Updated 6 p.m. -- A federal judge has rejected an attempt to force the Douglas County school district to allow vouchers to be used at religious schools.
Thursday's court hearing was the latest in a long running legal battle over the vouchers. The program provides grants to students who may use them to attend private school, but not religious schools.
Michael Bindas of the Virginia-based Institute for Justice says that ban violates the federal constitution.
"The case law is clear," he said. To withhold otherwise available financial aid from families simply because of religion violates the federal constitution."
The district originally allowed the vouchers for faith-based schools but last year the Colorado Supreme Court ruled that violated the state constitution. The school district is appealing to the U.S. Supreme Court and has dropped religious schools from the program in the meantime. That led the parents, represented by the Institute for Justice, to sue in federal court.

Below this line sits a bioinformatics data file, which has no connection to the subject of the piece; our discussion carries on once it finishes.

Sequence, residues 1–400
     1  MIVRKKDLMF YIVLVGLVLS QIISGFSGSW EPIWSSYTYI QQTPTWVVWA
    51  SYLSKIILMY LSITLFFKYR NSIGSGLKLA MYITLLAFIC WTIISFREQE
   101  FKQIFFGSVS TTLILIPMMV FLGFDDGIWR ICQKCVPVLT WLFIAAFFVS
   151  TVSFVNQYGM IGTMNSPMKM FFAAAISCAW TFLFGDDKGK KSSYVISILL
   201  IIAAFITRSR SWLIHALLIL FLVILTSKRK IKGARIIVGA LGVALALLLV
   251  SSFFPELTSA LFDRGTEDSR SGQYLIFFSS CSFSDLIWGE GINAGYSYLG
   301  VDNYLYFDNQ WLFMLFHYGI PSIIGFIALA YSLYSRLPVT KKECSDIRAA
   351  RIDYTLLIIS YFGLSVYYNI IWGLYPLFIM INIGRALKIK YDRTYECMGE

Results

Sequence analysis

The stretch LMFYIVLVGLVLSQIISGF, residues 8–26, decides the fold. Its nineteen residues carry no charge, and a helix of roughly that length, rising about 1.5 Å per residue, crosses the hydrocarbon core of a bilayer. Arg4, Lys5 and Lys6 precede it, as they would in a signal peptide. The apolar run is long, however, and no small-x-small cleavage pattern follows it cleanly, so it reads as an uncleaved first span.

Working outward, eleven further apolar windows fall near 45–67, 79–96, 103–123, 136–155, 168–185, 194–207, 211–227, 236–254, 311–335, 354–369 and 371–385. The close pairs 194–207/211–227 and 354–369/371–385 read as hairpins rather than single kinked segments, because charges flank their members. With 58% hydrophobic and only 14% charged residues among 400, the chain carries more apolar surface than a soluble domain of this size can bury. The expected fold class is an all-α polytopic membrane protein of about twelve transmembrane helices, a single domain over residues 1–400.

The American Civil Liberties Union opposed the challenge.
“As we’ve argued throughout this case, and as the Colorado Supreme Court affirmed, parents are free to send their children to private, religious schools if they wish, but taxpayers should not be forced to pay for it," the ACLU's Matt Douglas said in a statement.
The district didn’t have a response to Thursday's hearing, but previously said the new voucher program was written to meet state constitutional limitations.
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